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In perspective: Otto Lilienthal

Otto Lilienthal

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Before 1881, serious attempts to conquer the air were sporadic and more importantly, largely failed. All that changed when Otto Lilienthal (1848-1896) launched himself into the air, gliding through the sky – the first person in history to do so. His legacy came before airplanes but this hasn’t stopped him from being known as the ‘flying man’. One of the pioneers of modern aviation, Lilienthal’s work has proved invaluable to aviation designers and engineers ever since.

Unlike many engineers and aircraft designers of his era, Lilienthal was interested in glided flight. Long before many of his contemporaries, he discovered that flight would be achieved with a cambered air foil wing. Throughout his various experiments, he upheld the belief that flight would not be realised suddenly through a single machine. He maintained the philosophy that only through a long process of study and inventing different types of flying machines, would there be long-term aviation success. He showed a remarkable commitment to gliders, which begun at the age of sixteen when he first started experimenting with aircraft with the help of his brother Gustav. Lilienthal trained as an engineer at Postdam in Berlin for two years, already having spent much of his youth building wings and air kits with his brother, all which failed to take flight successfully.

This unsuccessful streak continued throughout 1890 when he created a hang glider. This early design was modelled on bird flight. Despite his best efforts, he wasn’t able to make it respond to different amounts of air pressure and the force of wind. So, neither this model nor the one that followed proved effective.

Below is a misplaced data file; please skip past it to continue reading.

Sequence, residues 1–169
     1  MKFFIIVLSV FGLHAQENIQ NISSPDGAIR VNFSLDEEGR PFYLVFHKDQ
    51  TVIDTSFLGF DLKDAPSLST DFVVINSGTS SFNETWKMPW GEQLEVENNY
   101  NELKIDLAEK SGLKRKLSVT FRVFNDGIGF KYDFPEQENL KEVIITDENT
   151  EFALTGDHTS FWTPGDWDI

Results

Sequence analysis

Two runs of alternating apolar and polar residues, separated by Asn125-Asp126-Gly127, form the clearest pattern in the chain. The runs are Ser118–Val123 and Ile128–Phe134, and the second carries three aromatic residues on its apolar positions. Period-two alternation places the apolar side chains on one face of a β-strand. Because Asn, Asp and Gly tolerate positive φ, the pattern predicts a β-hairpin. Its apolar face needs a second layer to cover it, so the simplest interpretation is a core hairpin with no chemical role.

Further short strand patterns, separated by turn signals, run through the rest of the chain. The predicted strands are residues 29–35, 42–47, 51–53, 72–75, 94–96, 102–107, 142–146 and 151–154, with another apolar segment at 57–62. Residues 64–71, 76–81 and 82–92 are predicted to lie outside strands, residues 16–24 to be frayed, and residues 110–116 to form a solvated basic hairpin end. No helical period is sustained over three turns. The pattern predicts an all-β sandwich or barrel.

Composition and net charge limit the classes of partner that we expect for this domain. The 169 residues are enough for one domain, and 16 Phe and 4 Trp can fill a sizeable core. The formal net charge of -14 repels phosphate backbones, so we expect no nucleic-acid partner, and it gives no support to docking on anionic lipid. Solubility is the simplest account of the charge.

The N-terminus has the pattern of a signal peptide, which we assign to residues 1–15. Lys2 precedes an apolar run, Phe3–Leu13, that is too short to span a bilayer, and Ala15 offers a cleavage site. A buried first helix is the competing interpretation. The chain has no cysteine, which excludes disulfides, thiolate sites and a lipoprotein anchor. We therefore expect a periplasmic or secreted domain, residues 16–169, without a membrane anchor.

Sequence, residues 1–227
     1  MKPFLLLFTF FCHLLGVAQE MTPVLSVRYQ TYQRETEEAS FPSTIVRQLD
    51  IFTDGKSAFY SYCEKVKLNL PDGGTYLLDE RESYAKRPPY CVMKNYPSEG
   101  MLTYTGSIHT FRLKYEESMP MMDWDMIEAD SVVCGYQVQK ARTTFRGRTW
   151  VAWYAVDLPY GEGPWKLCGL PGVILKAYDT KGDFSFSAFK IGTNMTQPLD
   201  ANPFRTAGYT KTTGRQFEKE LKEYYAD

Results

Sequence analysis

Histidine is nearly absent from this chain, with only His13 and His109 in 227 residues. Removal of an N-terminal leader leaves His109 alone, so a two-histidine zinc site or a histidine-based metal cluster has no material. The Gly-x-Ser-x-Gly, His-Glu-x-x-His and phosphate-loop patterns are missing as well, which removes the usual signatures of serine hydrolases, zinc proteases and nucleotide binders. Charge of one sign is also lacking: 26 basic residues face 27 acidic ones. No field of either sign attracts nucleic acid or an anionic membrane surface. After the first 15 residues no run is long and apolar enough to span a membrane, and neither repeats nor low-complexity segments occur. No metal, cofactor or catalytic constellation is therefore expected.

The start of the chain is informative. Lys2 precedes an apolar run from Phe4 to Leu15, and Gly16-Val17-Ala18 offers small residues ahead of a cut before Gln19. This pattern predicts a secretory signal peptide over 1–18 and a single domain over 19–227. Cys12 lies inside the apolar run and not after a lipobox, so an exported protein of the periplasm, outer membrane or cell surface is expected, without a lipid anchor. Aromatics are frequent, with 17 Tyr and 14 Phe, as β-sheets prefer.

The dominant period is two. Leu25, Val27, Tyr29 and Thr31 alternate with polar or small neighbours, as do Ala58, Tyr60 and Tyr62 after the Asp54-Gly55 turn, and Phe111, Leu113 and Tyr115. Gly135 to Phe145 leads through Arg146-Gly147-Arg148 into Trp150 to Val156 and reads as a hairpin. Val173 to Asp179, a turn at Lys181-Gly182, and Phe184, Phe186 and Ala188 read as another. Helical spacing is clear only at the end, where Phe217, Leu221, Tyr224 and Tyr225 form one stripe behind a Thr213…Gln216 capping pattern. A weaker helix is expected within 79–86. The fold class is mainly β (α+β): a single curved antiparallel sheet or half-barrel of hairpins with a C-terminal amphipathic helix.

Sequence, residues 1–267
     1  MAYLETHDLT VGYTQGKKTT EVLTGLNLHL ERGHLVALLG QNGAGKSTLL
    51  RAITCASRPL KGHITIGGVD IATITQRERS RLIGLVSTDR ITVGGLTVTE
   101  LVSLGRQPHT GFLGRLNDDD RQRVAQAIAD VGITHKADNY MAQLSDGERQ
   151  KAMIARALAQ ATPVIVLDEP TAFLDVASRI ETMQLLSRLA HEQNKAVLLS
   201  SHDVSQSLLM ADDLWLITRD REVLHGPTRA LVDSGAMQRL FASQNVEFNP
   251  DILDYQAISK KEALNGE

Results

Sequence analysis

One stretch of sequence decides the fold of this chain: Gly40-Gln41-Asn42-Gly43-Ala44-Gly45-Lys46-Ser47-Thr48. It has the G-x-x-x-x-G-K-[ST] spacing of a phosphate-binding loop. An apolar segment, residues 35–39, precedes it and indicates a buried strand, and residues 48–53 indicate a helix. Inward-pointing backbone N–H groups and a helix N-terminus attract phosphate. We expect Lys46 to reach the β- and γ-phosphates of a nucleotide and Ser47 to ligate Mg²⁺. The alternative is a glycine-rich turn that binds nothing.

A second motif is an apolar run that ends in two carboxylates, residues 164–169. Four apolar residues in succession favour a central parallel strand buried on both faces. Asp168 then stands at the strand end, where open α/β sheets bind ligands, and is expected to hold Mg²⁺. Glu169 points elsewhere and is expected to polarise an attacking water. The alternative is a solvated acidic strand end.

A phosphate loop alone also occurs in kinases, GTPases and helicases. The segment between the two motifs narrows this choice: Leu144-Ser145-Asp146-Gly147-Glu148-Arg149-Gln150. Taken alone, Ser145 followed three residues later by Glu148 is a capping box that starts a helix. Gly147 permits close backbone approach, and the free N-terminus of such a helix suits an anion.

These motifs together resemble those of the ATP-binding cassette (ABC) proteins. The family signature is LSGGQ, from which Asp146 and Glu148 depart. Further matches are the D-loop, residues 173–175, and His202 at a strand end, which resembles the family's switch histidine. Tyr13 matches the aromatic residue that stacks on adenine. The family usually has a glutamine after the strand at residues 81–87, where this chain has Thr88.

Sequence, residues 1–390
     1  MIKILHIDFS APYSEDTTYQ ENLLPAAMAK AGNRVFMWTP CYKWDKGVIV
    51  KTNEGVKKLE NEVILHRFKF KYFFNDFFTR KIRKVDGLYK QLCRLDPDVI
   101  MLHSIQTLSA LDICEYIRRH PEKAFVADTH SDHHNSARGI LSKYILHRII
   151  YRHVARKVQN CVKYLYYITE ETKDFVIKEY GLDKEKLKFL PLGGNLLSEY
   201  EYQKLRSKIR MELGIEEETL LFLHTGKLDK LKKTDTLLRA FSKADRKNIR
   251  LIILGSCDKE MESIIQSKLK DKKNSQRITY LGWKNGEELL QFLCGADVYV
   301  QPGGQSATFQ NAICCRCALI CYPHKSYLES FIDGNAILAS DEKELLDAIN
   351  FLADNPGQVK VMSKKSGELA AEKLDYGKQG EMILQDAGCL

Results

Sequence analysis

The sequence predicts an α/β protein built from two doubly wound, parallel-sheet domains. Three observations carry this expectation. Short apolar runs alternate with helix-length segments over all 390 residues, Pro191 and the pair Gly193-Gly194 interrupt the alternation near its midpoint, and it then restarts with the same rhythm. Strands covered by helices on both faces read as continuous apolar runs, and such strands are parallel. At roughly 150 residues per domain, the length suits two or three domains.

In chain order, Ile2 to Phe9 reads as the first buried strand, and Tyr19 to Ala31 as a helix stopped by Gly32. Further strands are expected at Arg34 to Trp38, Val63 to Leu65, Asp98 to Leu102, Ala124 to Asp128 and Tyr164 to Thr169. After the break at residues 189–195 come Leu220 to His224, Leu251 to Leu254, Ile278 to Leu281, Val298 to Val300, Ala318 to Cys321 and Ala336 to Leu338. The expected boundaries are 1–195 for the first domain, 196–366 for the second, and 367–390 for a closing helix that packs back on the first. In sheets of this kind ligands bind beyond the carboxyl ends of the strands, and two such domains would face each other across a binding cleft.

Lilienthal finally got off the ground in 1893 when he flew his first glider, filing a patent a year later. This is arguable his greatest contribution to the development of heavier-than-air flight. He built his gliders from either bamboo or rattan, then covered the structure with linen. He built many monoplanes, biplanes and wing flapping aircraft during his career and he was eventually able to create gliders that could easily distribute weight to ensure a steady flight. He also invented a small engine that better controlled the motion of the wings, but he never had the chance to fully experiment and expand on the idea. He was tragically killed in a gliding accident in 1896 - his supposed last words were, “Sacrifices must be made.”

During his short career, Lilienthal had taken more than 2,000 glided flights and his work had a great impact on his contemporaries, such as the Wright Brothers. They credited him as a major influence on their own experiments with aircraft. Not only is Lilienthal a founding father of aviation, he was the first human to control an aircraft, using his studies and research of bird flight for his start point.

Today, the world remembers Lilienthal in a number of ways. The Lilienthal Gliding Medal was established in his honour in 1938, which awards those for outstanding contributions to motor gliders. Also, the Otto Lilienthal Museum opened in 1991, in Anklam, Germany which is home to many of his glider designs. Every time humans take flight, in some small part, they are indebted to Lilienthal – the definition of a pioneer.

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